Industrial policy and automotive development: a comparative study of Thailand and Czechia

Kaoru Natsuda, John Thoburn, Jiří Blažek, Kozo Otsuka

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This paper investigates the effectiveness of industrial policy, and the role of state capacity to implement it, by making a comparison of automotive development in Thailand and Czechia, the largest vehicle producers in Southeast Asia and Central and Eastern Europe, respectively. The development of the industry in both countries primarily relied on foreign investment, despite Czechia’s long earlier history of domestic automotive development. The countries, however, have used very different types of industrial policy. Thailand introduced a series of vertical (sector-specific) industrial policies, pursuing a proactive industrial development strategy with state intervention, continuing even under the restrictions on trade-related policy measures imposed by the WTO since 2000. In contrast, Czechia has employed mostly horizontal (non-sector-specific) industrial policies with less state intervention, influenced by the restrictions of the European Union. Although both countries achieved considerable output and export growth, Thailand has a deeper and more locally owned supply chain. Thailand’s imaginative use of de facto local content requirements in connection with its product champion policy is instructive.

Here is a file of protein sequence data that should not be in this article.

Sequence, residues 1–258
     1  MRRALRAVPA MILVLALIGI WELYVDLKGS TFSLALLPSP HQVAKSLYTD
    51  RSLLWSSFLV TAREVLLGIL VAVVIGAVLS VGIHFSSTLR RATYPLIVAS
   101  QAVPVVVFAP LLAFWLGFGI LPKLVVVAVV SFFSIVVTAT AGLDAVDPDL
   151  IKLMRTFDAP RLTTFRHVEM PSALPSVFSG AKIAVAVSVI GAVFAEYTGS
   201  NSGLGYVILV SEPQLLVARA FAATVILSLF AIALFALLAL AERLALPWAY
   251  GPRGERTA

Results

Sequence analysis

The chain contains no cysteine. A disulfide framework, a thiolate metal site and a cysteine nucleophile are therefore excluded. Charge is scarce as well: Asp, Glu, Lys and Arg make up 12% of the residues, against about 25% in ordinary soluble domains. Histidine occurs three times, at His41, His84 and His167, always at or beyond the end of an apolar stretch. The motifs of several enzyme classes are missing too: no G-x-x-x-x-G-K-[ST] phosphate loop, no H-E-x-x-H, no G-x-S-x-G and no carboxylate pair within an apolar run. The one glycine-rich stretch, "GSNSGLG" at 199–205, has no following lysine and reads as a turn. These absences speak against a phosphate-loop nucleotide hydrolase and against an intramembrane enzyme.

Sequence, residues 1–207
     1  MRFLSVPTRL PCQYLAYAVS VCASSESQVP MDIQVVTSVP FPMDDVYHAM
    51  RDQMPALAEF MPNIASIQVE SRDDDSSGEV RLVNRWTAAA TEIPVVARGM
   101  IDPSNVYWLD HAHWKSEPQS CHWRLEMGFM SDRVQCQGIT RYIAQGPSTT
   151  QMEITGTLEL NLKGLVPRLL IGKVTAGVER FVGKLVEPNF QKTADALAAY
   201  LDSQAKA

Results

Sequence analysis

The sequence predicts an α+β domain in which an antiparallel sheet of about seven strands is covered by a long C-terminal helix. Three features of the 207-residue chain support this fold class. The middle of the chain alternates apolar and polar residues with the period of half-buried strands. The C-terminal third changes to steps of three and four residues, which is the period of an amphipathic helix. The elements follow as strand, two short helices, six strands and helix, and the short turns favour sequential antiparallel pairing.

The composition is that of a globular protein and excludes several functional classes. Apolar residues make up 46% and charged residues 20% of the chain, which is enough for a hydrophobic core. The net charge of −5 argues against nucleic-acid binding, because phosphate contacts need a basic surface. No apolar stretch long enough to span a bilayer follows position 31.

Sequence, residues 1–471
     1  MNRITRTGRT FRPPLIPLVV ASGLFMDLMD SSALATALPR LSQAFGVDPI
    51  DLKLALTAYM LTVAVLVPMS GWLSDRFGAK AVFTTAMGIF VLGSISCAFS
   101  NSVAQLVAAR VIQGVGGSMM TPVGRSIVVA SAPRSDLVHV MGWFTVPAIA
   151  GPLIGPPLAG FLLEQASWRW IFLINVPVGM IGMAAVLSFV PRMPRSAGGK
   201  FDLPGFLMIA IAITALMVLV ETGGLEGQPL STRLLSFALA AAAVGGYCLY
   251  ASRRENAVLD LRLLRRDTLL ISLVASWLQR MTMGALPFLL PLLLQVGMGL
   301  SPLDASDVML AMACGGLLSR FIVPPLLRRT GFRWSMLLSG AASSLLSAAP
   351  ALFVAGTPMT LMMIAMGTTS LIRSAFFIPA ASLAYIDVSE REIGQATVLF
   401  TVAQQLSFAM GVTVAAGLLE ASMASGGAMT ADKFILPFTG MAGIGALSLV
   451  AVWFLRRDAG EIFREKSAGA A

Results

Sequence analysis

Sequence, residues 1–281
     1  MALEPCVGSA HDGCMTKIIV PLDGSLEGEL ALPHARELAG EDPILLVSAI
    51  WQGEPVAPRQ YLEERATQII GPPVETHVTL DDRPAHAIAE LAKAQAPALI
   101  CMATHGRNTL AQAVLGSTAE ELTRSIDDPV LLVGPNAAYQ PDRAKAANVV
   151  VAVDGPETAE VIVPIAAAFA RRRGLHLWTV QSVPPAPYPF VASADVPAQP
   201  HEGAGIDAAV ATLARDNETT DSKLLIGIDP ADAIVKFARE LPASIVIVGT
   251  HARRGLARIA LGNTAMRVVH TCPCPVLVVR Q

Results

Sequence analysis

Original languageEnglish
JournalEurasian Geography and Economics
Early online date4 Nov 2020
Publication statusE-pub ahead of print - 4 Nov 2020


  • Automotive
  • Czechia
  • global production networks
  • global value chains
  • industrial policy
  • Thailand

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